West Coast Equity Group

U.S. Commercial Real Estate Market Update – Office, October 2015

Public perception has generally been that activity is weakening in the Commercial Office Real Estate market, but according to Walter Page, Director of Research at the Costar Group — the commercial real estate industry’s leading provider of information and analytics — the Office market is actually booming right now. Page provided a 2015 market update at the Commercial Real Estate Show podcast on October 14th.


The commercial office market is tightening up and rents are increasing overall on a national level. This trend seems to defy logic given that more employees are working remotely, companies are allocating less office space to employees, and the U.S. economic recovery has generally been a “jobless” one. Despite these trends, the office market is performing extremely well and the forecast is for continued demand, decreasing vacancy rates and further growth in rents. Current trends include a continued reduction in space per employee to 235 SF (down 10% since 15 years ago), and a “flight to quality” with three times the demand happening in Class A office space vs. Class B and C office. There is also a preference for open and collaborative work spaces in buildings constructed since 2000.


Overall, the commercial office market is performing exceptionally well right now in the U.S. Below are the key indicators.

  • Vacancy rates are down to 11%, having declined 20 basis points vs. last quarter, and 60 basis points vs. one year ago.
  • We have now experienced 5 years of declining vacancies in a row, and we’re close to achieving parity with pre-recession occupancy levels not seen since 2005.
  • Rent growth in the office category is 4.3% which is considered extremely strong. As a comparison point, one year ago at this time, rent growth was 3.8%. This is a very strong number especially when you consider that inflation is currently averaging 1.7% in all markets, according to 2015 Costar data.
  • Further validating the increased competition for office space is a “burn off” of free rent concessions.
  • Central Business Districts (CBDs) in gateway markets like San Francisco are seeing exceptionally strong growth. San Francisco continues to top the chart with 19% in rent growth year over year for the past 5 successive years, followed by San Jose, and the East Bay Area. Other strong markets include Denver’s CBD with 9.4% year over year, Seattle with 7.5%, New York City at 5.8%, and Miami with 5.4% in rent growth. The trailing markets are Washington DC and Houston.
  • Demand for space is currently very strong on a national level, in both gateway market CBDs as well as suburban markets. Overall, the office market has seen 30M SF of net absorption of space in the past quarter and has reached 101M SF of net absorption of space in the past year. The last time we saw demand this strong was in 2007, just prior to the Great Recession. This is a rate of demand growth of approximately 1.4% which is a pretty good number, especially given that the national job growth number is closer to 2% which indicates that there could be even more demand growth in the future.
  • In terms of sales, market volume is currently at $92B in sales YTD for 2015, the highest it’s ever been in the first 3 quarters was $117B and that included nearly $60B accounted for in equity office, so the reality is sales volume today absent a single mass of transactions is exceptionally high.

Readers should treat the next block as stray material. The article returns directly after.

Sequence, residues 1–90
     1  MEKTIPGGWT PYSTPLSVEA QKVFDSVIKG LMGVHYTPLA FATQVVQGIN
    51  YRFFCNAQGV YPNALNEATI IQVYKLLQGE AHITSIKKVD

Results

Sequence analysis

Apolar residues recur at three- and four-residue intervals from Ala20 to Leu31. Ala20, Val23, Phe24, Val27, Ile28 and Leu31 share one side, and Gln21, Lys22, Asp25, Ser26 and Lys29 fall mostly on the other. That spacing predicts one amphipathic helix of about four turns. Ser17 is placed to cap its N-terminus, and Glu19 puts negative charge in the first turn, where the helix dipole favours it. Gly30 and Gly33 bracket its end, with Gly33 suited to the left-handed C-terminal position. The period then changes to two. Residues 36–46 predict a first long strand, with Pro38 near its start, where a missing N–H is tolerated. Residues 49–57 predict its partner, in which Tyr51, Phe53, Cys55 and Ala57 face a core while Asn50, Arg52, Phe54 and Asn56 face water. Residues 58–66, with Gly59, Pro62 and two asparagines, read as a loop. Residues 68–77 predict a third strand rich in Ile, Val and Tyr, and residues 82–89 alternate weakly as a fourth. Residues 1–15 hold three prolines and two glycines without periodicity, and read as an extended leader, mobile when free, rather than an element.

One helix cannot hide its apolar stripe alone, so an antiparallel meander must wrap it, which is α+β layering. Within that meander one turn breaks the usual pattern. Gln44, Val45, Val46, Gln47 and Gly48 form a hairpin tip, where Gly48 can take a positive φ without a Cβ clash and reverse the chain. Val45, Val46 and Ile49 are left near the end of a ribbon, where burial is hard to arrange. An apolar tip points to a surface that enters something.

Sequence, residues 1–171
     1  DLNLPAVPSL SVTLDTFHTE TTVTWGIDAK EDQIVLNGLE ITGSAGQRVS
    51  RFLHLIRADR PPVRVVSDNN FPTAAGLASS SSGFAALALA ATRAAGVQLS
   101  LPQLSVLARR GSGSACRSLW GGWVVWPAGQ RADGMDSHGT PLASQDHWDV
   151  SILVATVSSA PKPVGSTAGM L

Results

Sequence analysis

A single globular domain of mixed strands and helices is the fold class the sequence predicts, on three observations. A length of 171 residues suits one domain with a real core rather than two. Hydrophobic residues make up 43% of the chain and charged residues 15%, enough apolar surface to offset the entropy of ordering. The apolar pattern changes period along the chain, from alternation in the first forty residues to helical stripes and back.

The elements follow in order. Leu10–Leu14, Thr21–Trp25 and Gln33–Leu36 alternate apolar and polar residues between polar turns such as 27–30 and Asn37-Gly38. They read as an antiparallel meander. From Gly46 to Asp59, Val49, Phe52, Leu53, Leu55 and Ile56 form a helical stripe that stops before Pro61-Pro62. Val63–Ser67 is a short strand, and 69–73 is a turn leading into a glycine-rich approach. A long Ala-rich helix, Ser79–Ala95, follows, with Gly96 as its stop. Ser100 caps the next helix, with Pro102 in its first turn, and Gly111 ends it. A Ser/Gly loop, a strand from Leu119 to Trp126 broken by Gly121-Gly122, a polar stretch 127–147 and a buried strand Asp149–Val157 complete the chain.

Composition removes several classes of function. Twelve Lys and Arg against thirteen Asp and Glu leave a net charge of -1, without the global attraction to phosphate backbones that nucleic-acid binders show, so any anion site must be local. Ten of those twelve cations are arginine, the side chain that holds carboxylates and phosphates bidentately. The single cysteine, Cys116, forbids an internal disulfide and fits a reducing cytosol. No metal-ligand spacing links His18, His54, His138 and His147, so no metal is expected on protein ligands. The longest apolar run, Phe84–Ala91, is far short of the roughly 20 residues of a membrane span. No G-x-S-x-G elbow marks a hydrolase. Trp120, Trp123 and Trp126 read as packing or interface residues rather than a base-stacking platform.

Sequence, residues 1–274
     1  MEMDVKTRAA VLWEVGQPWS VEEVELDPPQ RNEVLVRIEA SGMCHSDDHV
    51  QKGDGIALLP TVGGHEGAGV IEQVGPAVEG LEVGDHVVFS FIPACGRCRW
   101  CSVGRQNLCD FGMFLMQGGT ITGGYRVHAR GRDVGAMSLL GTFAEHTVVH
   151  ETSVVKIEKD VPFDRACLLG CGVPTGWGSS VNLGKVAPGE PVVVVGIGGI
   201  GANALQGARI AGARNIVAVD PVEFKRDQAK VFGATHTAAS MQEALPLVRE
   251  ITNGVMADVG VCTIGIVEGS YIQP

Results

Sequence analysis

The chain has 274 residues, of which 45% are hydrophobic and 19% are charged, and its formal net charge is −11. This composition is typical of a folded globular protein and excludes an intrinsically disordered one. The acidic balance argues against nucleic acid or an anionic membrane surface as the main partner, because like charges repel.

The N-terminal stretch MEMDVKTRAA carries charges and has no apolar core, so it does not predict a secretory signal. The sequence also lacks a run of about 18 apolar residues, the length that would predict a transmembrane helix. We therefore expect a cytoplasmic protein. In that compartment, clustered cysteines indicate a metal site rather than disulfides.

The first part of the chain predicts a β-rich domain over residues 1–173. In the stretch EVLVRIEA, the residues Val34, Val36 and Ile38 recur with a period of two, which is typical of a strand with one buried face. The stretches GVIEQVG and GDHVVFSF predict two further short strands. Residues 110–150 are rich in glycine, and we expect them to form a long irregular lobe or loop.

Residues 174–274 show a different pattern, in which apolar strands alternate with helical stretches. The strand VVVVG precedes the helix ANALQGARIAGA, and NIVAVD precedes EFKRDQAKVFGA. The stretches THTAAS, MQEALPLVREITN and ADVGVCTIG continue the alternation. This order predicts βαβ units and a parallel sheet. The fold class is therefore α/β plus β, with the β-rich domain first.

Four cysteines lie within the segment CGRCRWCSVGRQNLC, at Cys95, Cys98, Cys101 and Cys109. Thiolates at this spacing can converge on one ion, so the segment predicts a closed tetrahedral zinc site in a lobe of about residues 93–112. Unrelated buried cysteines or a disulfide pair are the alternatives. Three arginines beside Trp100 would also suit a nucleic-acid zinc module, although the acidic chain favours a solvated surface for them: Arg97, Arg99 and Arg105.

• YTD in 2015, the U.S. market currently has 15M SF of space delivered, or roughly half the rate of net absorption, and there is currently 128M SF of new space under construction, up 14% compared to a year ago. Roughly half the markets in the country now have a significant level of new construction underway.
  • Vacancy rates in newer construction buildings (buildings constructed since 2000), have a vacancy rate below the national average. This doesn’t normally happen because of new construction coming on to the market, but when it does, it is an indication that there is a shortage of inventory which also indicates that continued new construction investments are low risk.
  • Primary demand is for Class A office space which is growing at 3 times the rate of both Class B and C office space. Currently, the U.S. is seeing a 2.5% growth rate in Class A office space vs. 0.8% growth in Class B and C office space. This is a clear indicator of a “flight to quality” trend which is very strong at the moment. Some reasons to explain this include an assumption that if the amount of space available to employees is decreasing, it makes sense to put them into higher quality, more modern work spaces and the fact that nicer office spaces help retain and recruit higher quality workers.


  • While much growth has occurred in the gateway market CBDs, there is also tremendous growth now in the suburban markets.
  • YTD the U.S. market has absorbed 10M SF of space in the CBDs which represents an annual rate of absorption of about .7%.
  • Suburban markets by comparison have absorbed four times that amount of space and absorption rates are growing at double the rate (1.3%).
  • The demand in suburban markets is strongest in markets close-in to the CBDs, indicating that many companies are getting priced out of the CBDs and seeking more affordable options in nearby markets.


  • Vacancy rates will continue to decline to the 10.5%-10.3% range, likely bottoming out in 2017 depending on location.
  • Rent growth will moderate, especially in markets with significant new construction underway. Costar’s expectation is that rent growth with remain in the 2.5%-3% range overall for the next few years, which is still well above national inflation currently averaging 1.7% for the U.S. as a whole.
  • Further compression is expected (an additional .5 % per year in compression).

Leave a Comment

Your email address will not be published. Required fields are marked *